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Hawai’i is notoriously expensive but there are lots of ways to keep your trip reasonable, not limited to sleeping in your rental car, eating nothing but pb&js, and showering at public beach parks. PSYCH! Okay, we dabbled in those things. Greg and I just spent an awesome, like ready to move there, 8 days/8 nights and it cost less than $1200 for everything. Here’s how we did it and how you can too!
We are fortunate that as part of his benefits, Greg’s job allows us to fly standby for free, and we did so round trip from Tucson to Kailua-Kona which would’ve cost us around $600/person if we had paid cash. All the major airlines, as well as Hawaiian and Alaska, fly to the islands of Oahu, Maui, Kauai, and Hawaii, and flying from the mainland can cost anywhere from a couple hundred dollars to thousands upon thousands for a round trip flight. With so many carriers going to the Islands, and with Southwest beginning service soon (hellooooo Companion Pass), prices can get competitive and there are several programs to choose from to utilize frequent flyer miles. If you don’t have any miles yet, I’d suggest signing up for The Flight Deal daily newsletter for cheap airfare deals. Side note: Unless it’s some unbelievably great deal and you’re absolutely sure your plans won’t change, I would only recommend booking airfare through the airline’s website, and not through a third party.
Award flights, economy round trip from the mainland:
Hawaiian Airlines: 40-120k + $11.20
American: 40-100k $86.20
United: 45-90k + $86.20
Delta: 60k-infinity + $11.20
Alaska: 35-60k +$12
Now this is where I really shine. When we were in Maui I found a rental through Advantage for $112 for the week. We couldn’t find anything less than $800 for eight days on Hawai’i so I Binged ‘booking rental car with points’ and Hilton Honors came up. You can redeem minimum 12k Hilton points + cash to book a rental car through Alamo, Enterprise, or National. To pay for the whole thing would’ve cost us 133,056 Hilton points, so I tried points & cash and it ended up costing us 12,000 Hilton points + $252.20. I had never heard of this option and was happy as a lark about that massive discount! The whole thing was through a third party, but we didn’t have any trouble at the Alamo desk and were able to check in by kiosk and pick our own car, saving us gobs of time in a humid, cramped office.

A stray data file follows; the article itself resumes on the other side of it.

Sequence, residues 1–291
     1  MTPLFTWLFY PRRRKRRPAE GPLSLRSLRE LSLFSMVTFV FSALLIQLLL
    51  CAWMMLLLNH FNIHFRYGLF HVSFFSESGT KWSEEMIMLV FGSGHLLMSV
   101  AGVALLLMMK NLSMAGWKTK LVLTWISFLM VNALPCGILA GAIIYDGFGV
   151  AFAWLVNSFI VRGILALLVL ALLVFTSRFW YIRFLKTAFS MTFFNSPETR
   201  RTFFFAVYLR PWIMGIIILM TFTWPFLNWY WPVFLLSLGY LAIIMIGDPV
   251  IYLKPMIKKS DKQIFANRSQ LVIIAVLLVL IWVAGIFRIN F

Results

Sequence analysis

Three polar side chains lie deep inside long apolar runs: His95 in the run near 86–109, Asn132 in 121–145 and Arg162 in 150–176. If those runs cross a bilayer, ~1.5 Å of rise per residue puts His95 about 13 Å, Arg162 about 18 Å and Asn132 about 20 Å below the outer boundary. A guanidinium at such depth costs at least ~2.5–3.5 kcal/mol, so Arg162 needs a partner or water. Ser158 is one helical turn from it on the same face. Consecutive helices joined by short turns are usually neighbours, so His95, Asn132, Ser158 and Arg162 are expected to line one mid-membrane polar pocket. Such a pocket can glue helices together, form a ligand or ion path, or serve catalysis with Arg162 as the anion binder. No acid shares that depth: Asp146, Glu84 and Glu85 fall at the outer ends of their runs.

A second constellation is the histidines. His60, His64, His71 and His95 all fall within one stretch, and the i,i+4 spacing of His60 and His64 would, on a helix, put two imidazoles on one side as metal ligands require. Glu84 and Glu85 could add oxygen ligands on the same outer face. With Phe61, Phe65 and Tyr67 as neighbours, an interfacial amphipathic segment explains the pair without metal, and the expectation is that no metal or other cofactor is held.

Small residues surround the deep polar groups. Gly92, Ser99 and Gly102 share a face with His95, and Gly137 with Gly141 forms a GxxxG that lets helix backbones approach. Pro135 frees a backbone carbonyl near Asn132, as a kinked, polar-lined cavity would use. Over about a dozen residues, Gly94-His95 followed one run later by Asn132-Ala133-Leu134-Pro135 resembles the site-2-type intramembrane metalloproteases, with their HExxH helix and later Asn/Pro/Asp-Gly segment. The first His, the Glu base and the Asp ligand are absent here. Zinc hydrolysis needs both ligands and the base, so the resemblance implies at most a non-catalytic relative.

Our flight didn’t get into Kailua-Kona until 9:00p and we didn’t have a single hotel program offering award nights. All the hotels were $200/night minimum, so we looked to Airbnb for the cheapest option with a late arrival and a flexible cancellation policy. We booked a private room through delta.com/airbnb to earn 2 miles/$1 and paid $203.45 for two nights. It didn’t have kitchen access, but it was a roof with a bed and wifi and indoor plumbing. But that’s Hawaii- there’s some jackass near Kona renting out the back of his dump truck for $75/night. And another offering a bed on his front lawn. Yeah, I’m sure the views are nice, but I’m human and I like a shelter. That said, when you’re not booking last minute, Airbnb has tons of awesome, reasonable properties on the Big Island to choose from. Get $40 toward your first Airbnb stay if you sign up through this link and start a dope wishlist for your life plan.
Following the Airbnb, we went straight to Hawai’i Volcanoes National Park and found a $10/night walk-in campsite at Nāmakanipaio. The drive-up sites are $15/night and save you about 13 steps, so we were happy to save $5/night for the extra calories burned. Nāmakanipaio is a half-mile walk to the Jaggar Museum and its amazing view of the Halemaʻumaʻu Crater, and you can see the glow of the volcano above your tent at night. It’s magical. And it offers potable water and flushing toilets and cute little cabins that don’t have electricity but do include showers for about $90/night. Check out the Volcano House site for more information on cabins, and Airbnb for fun local places outside the park.